The Ukrainian helicopter fleet numbering a few dozen flyable aircraft was heavily overused from the earliest days of the 2022 full-scale invasion. During the Battle for Kyiv in the first weeks of the war, the fleet was used round the clock to strike at Russian forces besieging the capital, with many helicopters and courageous aircrew lost to Russian air defenses. The besieged Ukrainian garrison at Mariupol was resupplied for weeks by helicopters that flew in under Russian air defenses. But that heroic operation ceased after the Russians blocked access and shot down a flight killing the crew and wounded troops that were being evacuated.

NATO allies, including the US, donated what remaining Soviet and Russian helicopters they had to partially compensate for Ukraine's losses. The fleet now comprises a proverbial “zoo” of no less than sixteen variants of the two main helicopter types.

As the HIND gunships are scarce, many of the HIP transports have been modified to fire Western supplied Hydra and Zuni air to surface rockets. But modifying leftover transport helicopters into gunships cannot not solve the more basic headache of a worn-out, understrength, shrinking, and largely obsolete fleet of military helicopters.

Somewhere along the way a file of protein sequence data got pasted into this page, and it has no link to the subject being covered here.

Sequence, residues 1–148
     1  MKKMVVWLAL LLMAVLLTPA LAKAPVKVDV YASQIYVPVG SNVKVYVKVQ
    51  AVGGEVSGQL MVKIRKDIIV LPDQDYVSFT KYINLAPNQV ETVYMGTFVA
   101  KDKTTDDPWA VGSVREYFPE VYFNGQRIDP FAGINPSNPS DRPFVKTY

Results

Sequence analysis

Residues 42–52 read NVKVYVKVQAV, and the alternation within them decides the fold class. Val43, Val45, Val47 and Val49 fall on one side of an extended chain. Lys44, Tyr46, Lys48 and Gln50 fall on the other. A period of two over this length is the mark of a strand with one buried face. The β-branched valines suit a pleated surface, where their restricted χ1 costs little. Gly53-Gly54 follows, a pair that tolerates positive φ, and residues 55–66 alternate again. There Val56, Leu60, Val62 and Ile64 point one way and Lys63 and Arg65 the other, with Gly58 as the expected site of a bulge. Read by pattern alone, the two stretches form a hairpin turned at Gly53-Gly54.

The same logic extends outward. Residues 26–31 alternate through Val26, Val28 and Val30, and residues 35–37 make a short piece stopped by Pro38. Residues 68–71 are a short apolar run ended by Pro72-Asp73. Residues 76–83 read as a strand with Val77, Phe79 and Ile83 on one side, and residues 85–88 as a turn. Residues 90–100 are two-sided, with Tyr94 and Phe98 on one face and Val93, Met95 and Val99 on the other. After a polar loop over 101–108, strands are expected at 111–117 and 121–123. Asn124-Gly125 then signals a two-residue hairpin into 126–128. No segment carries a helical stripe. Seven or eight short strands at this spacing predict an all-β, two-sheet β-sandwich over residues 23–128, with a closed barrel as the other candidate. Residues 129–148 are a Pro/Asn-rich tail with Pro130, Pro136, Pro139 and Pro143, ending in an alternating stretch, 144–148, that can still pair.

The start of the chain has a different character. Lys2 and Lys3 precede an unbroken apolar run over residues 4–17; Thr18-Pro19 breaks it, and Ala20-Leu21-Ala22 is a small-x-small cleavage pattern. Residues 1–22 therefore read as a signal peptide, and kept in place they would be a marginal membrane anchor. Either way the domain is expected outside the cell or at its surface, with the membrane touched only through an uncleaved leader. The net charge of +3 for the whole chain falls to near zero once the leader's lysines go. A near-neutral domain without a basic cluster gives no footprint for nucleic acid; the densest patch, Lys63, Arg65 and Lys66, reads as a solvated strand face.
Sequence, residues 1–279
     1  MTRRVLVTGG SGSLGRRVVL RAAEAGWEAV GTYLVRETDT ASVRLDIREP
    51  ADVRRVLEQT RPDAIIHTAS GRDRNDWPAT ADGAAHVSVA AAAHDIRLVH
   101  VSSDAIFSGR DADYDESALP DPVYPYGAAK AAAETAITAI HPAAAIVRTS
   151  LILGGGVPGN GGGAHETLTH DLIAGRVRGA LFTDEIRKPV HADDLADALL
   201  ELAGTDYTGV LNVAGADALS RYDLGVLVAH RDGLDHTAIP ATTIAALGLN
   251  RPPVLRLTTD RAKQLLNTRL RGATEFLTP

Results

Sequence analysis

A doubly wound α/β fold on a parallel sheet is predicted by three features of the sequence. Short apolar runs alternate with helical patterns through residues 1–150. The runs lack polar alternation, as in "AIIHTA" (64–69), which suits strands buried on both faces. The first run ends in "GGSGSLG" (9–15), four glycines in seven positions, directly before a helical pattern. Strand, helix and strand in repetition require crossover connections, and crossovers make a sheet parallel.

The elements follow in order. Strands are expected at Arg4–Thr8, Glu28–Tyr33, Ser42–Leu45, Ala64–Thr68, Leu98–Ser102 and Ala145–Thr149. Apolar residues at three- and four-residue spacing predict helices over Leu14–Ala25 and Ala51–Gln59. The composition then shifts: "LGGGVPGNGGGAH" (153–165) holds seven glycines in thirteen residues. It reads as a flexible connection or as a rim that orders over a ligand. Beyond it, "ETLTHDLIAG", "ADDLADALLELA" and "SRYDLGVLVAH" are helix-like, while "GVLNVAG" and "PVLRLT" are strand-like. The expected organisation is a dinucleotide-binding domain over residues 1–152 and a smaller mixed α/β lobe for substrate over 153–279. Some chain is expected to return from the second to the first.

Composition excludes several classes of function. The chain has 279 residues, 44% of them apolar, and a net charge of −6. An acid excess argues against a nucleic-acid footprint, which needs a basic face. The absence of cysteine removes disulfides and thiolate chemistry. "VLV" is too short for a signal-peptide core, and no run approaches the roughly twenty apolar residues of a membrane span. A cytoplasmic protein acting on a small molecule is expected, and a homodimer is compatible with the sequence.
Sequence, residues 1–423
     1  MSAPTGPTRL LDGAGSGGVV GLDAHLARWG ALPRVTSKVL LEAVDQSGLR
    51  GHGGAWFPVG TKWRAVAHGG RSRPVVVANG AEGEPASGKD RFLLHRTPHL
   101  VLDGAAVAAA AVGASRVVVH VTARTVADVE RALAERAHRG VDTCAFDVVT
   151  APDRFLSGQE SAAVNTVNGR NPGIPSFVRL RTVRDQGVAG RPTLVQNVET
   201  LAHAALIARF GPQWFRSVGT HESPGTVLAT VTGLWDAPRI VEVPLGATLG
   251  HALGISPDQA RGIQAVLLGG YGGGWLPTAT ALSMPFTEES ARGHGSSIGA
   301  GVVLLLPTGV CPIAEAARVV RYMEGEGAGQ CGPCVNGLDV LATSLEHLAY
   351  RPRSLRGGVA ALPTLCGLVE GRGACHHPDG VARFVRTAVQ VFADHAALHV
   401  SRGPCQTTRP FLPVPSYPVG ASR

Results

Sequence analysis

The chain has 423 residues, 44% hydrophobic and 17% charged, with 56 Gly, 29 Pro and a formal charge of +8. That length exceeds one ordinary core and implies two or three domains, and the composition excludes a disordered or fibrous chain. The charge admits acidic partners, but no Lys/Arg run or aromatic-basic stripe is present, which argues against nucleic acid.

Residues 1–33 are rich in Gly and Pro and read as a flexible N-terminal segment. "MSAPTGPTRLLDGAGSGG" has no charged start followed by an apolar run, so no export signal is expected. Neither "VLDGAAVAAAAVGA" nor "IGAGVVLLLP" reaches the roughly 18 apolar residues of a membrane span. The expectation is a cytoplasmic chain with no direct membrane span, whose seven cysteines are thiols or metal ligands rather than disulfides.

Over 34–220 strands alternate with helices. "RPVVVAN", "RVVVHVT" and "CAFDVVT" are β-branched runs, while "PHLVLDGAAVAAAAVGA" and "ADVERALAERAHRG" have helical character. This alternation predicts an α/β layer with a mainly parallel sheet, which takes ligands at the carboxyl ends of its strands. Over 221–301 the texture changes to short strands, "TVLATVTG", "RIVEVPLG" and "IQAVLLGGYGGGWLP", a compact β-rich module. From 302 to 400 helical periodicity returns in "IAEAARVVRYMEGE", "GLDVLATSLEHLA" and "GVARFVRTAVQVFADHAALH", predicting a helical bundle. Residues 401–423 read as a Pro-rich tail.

Ukraine needs modern Western helicopters, both quickly, and in large numbers.

Why the Australian government did not pre-emptively offer the MRH-90 helicopters to Ukraine when the decision was made on early retirement remains an unanswered question.  Agreeing to the ADF plan to scrap and bury assets for which taxpayers had spent over $3 billion dollars, and which have years of remaining life in them, qualifies as bizarre.

No doubt the defense ministry can dredge up any number of irrelevant “explanations”, as we have seen with their ongoing media campaign which seems designed to discourage Ukraine from asking for the forty plus mothballed RAAF F/A-18 Super Hornet multirole fighter aircraft.

Donating the MRH-90 fleet, remaining spare parts, documentation and support equipment does not incur any future financial or support obligations for Australia. Variants of the NH-90 series are operated by nine European allies of Ukraine all of whom have been generous donors of military equipment and training.